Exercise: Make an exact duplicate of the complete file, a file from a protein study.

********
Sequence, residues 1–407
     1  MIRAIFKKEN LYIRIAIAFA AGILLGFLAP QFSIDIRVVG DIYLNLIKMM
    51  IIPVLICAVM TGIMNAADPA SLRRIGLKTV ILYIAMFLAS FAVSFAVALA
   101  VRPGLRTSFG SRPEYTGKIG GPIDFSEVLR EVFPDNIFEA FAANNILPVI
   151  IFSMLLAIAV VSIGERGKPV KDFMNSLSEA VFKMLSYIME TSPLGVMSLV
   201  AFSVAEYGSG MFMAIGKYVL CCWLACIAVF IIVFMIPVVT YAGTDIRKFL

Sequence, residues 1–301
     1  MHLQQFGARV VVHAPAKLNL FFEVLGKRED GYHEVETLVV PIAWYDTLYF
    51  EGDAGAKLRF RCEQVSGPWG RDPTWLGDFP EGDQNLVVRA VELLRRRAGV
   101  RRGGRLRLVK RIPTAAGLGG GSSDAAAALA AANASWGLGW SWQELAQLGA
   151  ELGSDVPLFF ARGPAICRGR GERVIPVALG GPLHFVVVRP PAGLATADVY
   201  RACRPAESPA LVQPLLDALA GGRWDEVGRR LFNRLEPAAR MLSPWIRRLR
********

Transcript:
Sequence, residues 1–407
     1  MIRAIFKKEN LYIRIAIAFA AGILLGFLAP QFSIDIRVVG DIYLNLIKMM
    51  IIPVLICAVM TGIMNAADPA SLRRIGLKTV ILYIAMFLAS FAVSFAVALA
   101  VRPGLRTSFG SRPEYTGKIG GPIDFSEVLR EVFPDNIFEA FAANNILPVI
   151  IFSMLLAIAV VSIGERGKPV KDFMNSLSEA VFKMLSYIME TSPLGVMSLV
   201  AFSVAEYGSG MFMAIGKYVL CCWLACIAVF IIVFMIPVVT YAGTDIRKFL

Sequence, residues 1–301
     1  MHLQQFGARV VVHAPAKLNL FFEVLGKRED GYHEVETLVV PIAWYDTLYF
    51  EGDAGAKLRF RCEQVSGPWG RDPTWLGDFP EGDQNLVVRA VELLRRRAGV
   101  RRGGRLRLVK RIPTAAGLGG GSSDAAAALA AANASWGLGW SWQELAQLGA
   151  ELGSDVPLFF ARGPAICRGR GERVIPVALG GPLHFVVVRP PAGLATADVY
   201  RACRPAESPA LVQPLLDALA GGRWDEVGRR LFNRLEPAAR MLSPWIRRLR